Teacher: "You must be incredibly angry to use that kind of language with me. We need to find a way that is more acceptable to display your anger, but right now, I'm too angry with you to discuss this situation calmly. We must talk later when we are both ready."

These are just examples. Each one of us has to find our own comfortable voice to be able to mean what we say. Insincerity never works because children can read it much more often than we realize.

If these expressions don't work for you, you can always use the old standby: count to ten and take a deep breath. And if you have other effective intervention strategies, please share them in the comments section below.

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Dr. Richard Curwin

Director, Graduate program in behavior disorder, David Yellin College
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Comments (43)Sign in or register to postSubscribe to comments via RSS

debrahadley's picture
debrahadley
High School teacher in Family and Consumer Science (Home Ec). English major

I don't perceive myself as "desperate" or "foolish" or any of the other derogatory terms that have been used to describe classroom management and traditional schools.

The way I understood the original question is that a teacher was struggling and asked for help. When that teacher goes to class the next day, contemplating an alternative educational philosophy is not going to help her deal with her students in the here and now.

Nor is it realistic to expect the alternate educational model as a remedy anytime in the near future. If all public schools decided to adopt the Montessori model today, then I would applaud that. I am a life-long learner, dedicated to my craft and constantly seeking a better way to teach and reach my students. I feel it is unfair to be judged simply based on the fact that I work in a public school, and I was trying to help someone who had asked for advice.

The fact that I work in a public school tells little if anything about me, my students, my educational philosophy or the outcomes of my students. And it is not realistic to say that people can just choose to home school their students or to enroll them in Montessori or Sudbury schools. Some people do not have the means, ability or desire to homeschool their own children, and some people do not have the means or ability to enroll or transport their children to a school that uses an alternate educational philosophy.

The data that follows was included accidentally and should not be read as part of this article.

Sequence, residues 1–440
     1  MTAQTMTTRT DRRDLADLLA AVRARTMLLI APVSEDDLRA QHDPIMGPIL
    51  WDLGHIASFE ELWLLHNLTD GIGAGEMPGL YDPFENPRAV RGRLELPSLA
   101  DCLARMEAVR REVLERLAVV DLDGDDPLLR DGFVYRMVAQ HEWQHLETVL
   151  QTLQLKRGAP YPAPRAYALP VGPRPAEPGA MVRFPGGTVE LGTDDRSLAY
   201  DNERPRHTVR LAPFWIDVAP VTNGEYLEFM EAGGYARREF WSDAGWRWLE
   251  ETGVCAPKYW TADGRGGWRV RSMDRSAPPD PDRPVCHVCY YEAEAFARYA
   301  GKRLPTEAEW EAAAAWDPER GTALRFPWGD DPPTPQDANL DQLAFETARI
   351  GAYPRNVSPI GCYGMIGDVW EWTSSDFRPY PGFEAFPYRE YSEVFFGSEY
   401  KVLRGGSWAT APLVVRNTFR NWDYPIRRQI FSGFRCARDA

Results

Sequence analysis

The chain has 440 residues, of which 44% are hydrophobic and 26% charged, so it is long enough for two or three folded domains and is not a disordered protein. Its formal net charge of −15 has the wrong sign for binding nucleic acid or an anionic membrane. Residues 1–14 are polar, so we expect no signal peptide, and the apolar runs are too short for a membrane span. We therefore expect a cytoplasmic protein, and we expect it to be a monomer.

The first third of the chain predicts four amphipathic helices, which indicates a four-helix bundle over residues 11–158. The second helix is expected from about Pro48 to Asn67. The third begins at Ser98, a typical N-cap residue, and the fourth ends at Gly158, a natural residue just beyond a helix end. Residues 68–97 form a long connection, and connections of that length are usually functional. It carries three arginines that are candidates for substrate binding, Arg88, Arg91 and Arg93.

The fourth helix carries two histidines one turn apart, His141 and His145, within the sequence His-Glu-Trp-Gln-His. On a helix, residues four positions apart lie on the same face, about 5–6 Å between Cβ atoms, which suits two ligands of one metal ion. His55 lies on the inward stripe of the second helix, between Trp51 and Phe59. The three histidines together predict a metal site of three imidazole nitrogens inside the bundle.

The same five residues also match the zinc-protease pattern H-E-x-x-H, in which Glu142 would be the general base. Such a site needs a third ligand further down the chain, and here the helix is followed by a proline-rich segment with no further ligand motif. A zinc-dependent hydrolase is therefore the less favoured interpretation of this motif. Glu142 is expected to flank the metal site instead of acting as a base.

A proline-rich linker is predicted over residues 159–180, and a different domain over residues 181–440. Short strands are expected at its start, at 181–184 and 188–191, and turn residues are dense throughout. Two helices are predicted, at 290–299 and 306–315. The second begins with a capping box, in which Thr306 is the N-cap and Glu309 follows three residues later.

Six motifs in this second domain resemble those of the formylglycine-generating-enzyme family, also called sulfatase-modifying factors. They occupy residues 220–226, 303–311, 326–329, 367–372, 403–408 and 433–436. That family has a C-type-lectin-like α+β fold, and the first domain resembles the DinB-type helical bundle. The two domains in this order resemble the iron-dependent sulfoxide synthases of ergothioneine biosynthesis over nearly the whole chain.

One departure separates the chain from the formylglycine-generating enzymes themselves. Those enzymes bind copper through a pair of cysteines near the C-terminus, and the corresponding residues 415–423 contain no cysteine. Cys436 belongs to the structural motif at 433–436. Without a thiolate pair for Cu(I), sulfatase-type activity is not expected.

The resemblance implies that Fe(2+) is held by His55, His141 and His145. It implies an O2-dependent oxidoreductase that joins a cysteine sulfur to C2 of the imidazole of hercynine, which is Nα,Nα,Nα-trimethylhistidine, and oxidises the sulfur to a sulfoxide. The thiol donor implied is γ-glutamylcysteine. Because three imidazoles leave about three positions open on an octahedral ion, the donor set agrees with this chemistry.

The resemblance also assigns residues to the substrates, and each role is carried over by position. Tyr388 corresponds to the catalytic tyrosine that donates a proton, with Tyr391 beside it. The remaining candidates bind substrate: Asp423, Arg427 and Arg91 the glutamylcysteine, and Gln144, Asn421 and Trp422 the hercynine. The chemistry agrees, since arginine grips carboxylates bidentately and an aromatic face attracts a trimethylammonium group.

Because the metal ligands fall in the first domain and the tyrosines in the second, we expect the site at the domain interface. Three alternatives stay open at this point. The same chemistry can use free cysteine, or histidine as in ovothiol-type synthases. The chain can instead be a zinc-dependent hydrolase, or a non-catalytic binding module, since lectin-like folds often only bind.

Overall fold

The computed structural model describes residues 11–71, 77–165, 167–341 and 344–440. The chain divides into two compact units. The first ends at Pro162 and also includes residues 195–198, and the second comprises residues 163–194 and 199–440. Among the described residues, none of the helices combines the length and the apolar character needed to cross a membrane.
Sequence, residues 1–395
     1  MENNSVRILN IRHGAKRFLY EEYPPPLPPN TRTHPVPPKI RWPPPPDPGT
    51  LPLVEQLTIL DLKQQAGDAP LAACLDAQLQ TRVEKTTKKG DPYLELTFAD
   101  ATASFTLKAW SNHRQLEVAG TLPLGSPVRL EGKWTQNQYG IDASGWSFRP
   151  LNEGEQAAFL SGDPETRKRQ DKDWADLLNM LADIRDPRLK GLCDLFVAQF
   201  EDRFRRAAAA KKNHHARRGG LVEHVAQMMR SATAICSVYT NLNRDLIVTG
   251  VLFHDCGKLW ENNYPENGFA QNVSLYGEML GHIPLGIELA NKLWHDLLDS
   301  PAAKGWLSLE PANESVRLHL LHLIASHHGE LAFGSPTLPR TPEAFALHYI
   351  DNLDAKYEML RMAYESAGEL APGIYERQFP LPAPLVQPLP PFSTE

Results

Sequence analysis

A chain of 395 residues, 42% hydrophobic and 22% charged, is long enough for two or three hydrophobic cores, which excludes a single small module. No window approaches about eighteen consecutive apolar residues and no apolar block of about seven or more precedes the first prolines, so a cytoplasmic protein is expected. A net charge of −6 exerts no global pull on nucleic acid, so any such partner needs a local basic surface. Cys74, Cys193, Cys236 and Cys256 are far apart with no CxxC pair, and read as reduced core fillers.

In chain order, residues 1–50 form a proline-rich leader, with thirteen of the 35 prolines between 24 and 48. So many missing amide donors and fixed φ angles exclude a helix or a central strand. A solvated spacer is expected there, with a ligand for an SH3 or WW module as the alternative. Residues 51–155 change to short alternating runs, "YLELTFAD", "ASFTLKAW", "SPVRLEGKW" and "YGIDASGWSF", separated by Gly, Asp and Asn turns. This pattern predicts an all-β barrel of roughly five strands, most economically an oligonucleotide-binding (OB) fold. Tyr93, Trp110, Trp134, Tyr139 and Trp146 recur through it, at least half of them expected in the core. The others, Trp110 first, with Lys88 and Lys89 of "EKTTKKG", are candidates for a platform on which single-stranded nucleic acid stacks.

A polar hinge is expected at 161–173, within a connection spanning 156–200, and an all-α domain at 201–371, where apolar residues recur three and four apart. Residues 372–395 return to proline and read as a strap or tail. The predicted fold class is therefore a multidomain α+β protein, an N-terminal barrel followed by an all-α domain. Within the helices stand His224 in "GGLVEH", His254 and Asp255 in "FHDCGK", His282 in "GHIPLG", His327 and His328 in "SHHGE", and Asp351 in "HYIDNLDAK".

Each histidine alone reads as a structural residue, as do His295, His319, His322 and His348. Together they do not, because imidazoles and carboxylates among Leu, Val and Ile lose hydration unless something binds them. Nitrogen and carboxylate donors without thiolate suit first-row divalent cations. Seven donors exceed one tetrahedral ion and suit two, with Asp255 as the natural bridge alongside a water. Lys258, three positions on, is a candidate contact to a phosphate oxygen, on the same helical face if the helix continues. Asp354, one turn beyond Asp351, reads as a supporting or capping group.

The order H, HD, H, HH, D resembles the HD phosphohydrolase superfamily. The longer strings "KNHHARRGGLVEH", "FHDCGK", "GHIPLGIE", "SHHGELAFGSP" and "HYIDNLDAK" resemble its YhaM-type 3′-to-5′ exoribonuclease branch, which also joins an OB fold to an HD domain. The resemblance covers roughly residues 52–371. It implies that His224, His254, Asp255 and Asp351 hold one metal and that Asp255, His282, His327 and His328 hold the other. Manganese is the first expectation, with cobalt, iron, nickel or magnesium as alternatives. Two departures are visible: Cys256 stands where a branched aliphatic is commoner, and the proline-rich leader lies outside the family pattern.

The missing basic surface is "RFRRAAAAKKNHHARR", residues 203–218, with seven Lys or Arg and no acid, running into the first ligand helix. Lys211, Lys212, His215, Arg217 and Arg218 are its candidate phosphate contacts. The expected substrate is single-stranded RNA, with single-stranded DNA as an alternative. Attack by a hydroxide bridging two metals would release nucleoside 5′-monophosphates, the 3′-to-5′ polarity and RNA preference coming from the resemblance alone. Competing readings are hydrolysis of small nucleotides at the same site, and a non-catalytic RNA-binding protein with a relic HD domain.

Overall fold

Classroom management is not a bad word. It is simply a term to describe how teachers can deal with group interactions in the classroom. Group interaction is a factor anywhere people gather in numbers (in public schools. in alternate educational philosophy schools, in home schools, in public parks, at family gatherings, and in online forums, among other places.)

I'm not saying that those who have deep social, emotional and educational needs couldn't flourish in an alternative model school. These students can flourish anywhere that caring adults help them to deal with their issues and then push them to learn and achieve.

The point I'm trying to make is that what needs improvement in public schools is far more complex than what has been described in this forum. Public schools are a microcosm of the society of which they are part. Schools contain within them all the ills of the society around them. Heal the social ills in our nation, and you can heal the schools.

I'm not opposed to change. I'm not opposed to progress. I am opposed to being judged and scolded unnecessarily. What I'd like to have people understand is that I'm not insulting alternative educational models. I'm simply pointing out that if public schools are going to convert to them, then that will be a long-term process. It will not be something that can happen overnight or even in a school year or two. And during that time, I will still be teaching and managing my classroom. Suggesting an alternate educational model as a solution to classroom management is not immediately practical. And the teacher who asked for help was seeking immediately practical advice and strategies.

I am proud of the work that I do with my students. If you want to judge me, then come and see what I'm doing in my classroom.

zep's picture
zep
Education Specialist

Debra, respectfully I think the point multiple people were making was not to insult you or your profession, but to make the point that tomorrow, in any classroom, we can make a choice to continue wrestling with the classroom management paradigm or we can question how we approach our students and what the goals really are. As a fellow public school educator, I see no reason why every teacher couldn't resolve tomorrow to change their entire methodology; you may be interested in a teacher who did exactly that with results that surprised even him, The Secret Revolution: A Psychologist's Adventures in Education (2007). Though a Psychologist by trade, Dr. Bernstein was a teacher who decided in 1 day to do a 180 degree turn in his approach to his students.